To determine if there is a difference in premature delivery (PTB) between African-American and Caucasian women who have undergone an ultrasound or physical exam indicated (rescue) cervical cerclage.
This was an IRB approved, retrospective cohort study of African-American (AA) and Caucasian women who underwent ultrasound and exam-indicated cervical cerclages. The study subjects were identified from a research quality perinatal database. All subjects received a vaginal cerclage utilizing a McDonald technique between 16 - 23 weeks of gestation. The primary outcome was spontaneous PTB; subdivided by gestational age as < 20 weeks, 20-23 weeks, 24-27 weeks, 28-31 weeks, 32-34 weeks and 35-36 weeks. Gestational age specific incidence of PTB was reported. Multivariable logistic regression was used to control for demographic and clinical differences between groups.
A cohort of 325 women was identified from 1997 to 2008; 215 African-American women (study group) and 110 Caucasian women (control group). AA women were significantly more likely to be obese (p<.0001), have Medicaid insurance (p<.01), a previous preterm delivery (p<.01) and be diagnosed with bacterial vaginosis (p<.05) or Chlamydia cervicitis (p<.05). There was no difference in the odds of delivery prior to 24 or 28 weeks of gestation between cohorts. The AA women were at significantly decreased risk of delivery prior to 28-31 weeks (19.5% vs.28.9% adj OR 0.53 [0.27 – 0.92]), 32-34 weeks (17.7% vs. 43% adj OR 0.29 [0.15 – 0.56]) and 34-36 weeks of gestation (28.4% vs. 43.2% adj OR 0.46 [0.27 - .79]) compared to the Caucasian women. The overall rate of preterm delivery was also significantly lower for the AA women. (66% vs. 81% adj OR 0.45 [0.27-0.8]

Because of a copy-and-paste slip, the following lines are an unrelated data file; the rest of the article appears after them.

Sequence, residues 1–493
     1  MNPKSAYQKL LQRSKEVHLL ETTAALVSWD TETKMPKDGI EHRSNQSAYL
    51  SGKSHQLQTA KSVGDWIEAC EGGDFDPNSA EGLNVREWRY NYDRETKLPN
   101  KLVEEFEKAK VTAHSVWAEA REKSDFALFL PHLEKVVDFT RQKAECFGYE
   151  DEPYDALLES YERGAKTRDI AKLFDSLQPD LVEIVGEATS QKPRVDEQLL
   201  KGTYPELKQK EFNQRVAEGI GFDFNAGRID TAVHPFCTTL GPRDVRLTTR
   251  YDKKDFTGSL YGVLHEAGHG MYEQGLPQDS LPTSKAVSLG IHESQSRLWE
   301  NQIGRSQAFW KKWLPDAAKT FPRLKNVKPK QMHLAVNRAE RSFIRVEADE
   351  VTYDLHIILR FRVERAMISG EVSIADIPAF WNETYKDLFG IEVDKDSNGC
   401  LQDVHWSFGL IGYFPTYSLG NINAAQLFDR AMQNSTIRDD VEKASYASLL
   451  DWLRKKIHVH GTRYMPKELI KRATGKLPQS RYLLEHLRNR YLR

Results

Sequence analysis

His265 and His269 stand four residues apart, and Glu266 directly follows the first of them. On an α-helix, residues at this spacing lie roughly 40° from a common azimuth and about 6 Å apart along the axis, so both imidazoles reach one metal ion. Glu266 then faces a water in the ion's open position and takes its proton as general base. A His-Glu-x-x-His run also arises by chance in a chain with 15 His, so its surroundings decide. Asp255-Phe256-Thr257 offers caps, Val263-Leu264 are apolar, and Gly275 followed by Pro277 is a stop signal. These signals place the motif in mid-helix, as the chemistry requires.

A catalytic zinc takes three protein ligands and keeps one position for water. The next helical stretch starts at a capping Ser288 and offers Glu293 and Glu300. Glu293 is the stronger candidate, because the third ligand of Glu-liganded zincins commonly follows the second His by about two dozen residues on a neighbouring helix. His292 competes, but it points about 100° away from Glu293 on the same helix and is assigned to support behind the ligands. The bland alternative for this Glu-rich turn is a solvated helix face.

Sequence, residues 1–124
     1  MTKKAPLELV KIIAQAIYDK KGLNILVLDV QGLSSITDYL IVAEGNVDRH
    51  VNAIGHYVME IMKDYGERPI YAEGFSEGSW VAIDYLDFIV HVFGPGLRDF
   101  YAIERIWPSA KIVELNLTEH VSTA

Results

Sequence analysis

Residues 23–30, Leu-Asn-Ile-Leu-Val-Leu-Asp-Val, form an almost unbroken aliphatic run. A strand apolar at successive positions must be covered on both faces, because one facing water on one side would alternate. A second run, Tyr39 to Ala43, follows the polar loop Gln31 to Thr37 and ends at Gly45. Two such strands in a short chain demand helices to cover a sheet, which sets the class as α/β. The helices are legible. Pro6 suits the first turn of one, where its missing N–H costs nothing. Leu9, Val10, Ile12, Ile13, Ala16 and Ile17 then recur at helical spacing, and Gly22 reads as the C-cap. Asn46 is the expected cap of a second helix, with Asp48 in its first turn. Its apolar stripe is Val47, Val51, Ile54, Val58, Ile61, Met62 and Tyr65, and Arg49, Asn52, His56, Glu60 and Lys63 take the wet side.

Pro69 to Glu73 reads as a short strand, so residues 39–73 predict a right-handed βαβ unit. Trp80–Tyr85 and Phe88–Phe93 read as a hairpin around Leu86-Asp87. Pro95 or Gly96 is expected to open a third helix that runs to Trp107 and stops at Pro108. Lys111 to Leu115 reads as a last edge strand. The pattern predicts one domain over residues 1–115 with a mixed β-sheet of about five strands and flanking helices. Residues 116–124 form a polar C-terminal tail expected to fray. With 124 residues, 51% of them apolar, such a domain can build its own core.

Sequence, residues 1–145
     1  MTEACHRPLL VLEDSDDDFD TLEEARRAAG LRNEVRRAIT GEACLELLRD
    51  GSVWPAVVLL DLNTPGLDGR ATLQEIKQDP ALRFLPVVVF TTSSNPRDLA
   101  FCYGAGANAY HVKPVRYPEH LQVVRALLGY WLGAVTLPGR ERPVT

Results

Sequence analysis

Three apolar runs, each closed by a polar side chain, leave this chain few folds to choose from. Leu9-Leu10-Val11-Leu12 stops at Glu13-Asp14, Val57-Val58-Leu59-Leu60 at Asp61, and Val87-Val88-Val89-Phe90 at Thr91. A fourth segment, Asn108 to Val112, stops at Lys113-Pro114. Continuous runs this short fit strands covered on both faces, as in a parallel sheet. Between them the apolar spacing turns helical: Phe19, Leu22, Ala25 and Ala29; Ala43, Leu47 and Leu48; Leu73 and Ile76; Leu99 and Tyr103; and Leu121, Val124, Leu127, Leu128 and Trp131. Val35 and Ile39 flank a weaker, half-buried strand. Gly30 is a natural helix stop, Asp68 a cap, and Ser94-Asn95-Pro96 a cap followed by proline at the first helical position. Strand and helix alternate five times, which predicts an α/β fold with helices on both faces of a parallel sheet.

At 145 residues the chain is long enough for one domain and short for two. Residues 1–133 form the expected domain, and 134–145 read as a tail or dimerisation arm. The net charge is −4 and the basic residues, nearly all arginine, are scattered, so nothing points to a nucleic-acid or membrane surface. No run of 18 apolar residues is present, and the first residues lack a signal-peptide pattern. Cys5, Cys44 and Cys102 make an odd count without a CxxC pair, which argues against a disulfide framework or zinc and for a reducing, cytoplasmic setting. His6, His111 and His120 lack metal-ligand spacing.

African-American women undergoing ultrasound and physical exam indicated cerclages experienced significantly lower rates of preterm birth less than 32, 34 and 37 weeks of gestation when compared to Caucasian women. This unexpected outcome was observed despite the number of risk factors for preterm birth in the African-American cohort.
© 2008 Mosby, Inc. Published by Elsevier Inc. All rights reserved.